What is Tie-Down Roping

Tie-down roping, or what might also be known as calf roping, is a timed event. The roper starts in a box the same as steer wrestlers and team ropers, with the calf in the chute. The barrier rule is also in play, and breaking it results in a 10-second penalty. The cowboy ropes the calf, jumps off his horse, and lays the calf on its side. He then ties up any three feet with what is known as a pigging string. When he throws his hands in the air the time stops. He then hurries back to his horse, remounts, and puts some slack in his rope. The calf must stay tied for six seconds for the time to be official. If he kicks loose, the cowboy receives a no time and is disqualified. The horses used in this event are the most highly trained, and are extremely expensive. It is not unusual for one horse to make several runs during an event, as cowboys will pay to ride a good horse. Part of their winnings goes to the owner of the horse.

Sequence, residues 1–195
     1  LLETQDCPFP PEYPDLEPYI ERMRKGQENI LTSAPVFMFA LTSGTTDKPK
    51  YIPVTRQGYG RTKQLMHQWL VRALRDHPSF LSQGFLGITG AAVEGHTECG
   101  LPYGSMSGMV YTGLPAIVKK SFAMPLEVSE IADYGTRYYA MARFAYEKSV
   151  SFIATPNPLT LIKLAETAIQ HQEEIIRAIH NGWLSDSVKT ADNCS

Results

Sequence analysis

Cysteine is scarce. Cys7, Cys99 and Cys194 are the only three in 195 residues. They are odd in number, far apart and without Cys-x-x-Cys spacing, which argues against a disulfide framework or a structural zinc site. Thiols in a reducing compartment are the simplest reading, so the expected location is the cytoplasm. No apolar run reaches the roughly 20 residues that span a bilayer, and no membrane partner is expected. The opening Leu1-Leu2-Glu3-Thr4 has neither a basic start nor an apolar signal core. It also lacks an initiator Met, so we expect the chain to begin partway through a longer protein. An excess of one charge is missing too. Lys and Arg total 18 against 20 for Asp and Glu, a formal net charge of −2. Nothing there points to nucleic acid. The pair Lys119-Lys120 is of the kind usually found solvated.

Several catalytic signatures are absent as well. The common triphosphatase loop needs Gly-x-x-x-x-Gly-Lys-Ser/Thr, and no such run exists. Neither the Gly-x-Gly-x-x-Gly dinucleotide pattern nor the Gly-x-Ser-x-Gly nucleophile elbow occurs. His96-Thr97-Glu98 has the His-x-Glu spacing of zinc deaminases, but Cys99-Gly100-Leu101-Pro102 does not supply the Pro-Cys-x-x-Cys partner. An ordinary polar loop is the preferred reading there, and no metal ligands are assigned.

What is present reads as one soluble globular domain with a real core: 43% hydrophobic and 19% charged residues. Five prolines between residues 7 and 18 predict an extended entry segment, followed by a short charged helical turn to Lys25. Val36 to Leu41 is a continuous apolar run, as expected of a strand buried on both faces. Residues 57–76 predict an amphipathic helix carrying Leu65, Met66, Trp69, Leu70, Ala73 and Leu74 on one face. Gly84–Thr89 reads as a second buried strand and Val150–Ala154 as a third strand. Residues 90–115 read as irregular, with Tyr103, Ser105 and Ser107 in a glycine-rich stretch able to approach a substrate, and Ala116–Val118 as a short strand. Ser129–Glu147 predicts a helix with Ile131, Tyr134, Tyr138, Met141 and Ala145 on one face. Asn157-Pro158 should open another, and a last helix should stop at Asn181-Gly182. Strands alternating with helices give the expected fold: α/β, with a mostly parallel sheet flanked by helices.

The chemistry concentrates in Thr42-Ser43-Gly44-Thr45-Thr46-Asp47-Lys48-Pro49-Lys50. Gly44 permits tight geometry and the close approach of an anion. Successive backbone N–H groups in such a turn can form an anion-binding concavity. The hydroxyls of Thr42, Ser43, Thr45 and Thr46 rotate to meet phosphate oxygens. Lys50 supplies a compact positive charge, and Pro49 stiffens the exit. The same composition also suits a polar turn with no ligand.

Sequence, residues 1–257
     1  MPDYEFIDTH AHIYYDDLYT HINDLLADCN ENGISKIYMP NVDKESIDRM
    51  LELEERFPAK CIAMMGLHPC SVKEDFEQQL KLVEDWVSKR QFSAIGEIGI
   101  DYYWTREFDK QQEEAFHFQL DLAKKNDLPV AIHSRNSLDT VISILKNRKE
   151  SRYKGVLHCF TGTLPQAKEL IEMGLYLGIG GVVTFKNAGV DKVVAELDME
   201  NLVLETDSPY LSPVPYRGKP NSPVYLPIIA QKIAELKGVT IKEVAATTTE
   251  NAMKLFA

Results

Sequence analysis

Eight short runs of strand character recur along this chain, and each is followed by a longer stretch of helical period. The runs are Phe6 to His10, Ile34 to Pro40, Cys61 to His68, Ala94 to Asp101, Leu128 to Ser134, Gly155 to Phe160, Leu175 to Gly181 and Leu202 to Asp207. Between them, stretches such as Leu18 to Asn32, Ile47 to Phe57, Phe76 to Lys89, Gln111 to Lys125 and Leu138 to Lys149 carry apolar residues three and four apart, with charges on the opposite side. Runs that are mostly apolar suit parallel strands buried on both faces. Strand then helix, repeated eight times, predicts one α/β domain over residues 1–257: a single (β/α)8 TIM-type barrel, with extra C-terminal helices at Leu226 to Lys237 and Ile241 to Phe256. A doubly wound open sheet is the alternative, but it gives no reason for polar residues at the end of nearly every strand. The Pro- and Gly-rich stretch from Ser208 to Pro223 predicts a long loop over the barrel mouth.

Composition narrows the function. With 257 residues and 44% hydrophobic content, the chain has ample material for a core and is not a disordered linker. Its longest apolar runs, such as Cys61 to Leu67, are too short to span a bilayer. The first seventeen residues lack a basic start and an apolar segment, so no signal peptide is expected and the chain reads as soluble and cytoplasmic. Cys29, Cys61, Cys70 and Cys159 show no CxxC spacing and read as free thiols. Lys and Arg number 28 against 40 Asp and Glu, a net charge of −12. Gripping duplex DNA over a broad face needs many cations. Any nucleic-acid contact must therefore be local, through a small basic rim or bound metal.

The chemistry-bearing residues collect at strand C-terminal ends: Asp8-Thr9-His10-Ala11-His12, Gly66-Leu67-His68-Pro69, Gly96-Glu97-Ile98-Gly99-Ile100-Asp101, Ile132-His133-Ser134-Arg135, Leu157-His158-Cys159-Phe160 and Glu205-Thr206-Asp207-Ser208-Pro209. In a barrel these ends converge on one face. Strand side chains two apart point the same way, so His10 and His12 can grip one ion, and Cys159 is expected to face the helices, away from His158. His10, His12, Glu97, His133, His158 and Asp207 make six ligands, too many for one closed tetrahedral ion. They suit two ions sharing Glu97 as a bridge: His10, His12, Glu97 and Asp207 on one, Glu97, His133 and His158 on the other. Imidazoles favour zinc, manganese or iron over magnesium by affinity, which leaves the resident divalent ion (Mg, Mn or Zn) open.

Featured Athletes

Meet Tie-Down Roper Bradley Bynum – 2012 WNFR Qualifier

Bradley Bynum comes from rodeo family. His father, Tommy, runs the family ranch in Sterling City, Texas, and mother, Cindy, works in sales for The Maverick Fine Western Wear store in Fort Worth; older sister, Terra Bynum, is a barrel racer who qualified for the Wrangler Nationals Finals Rodeo three times (2006-08) and trains barrel ...
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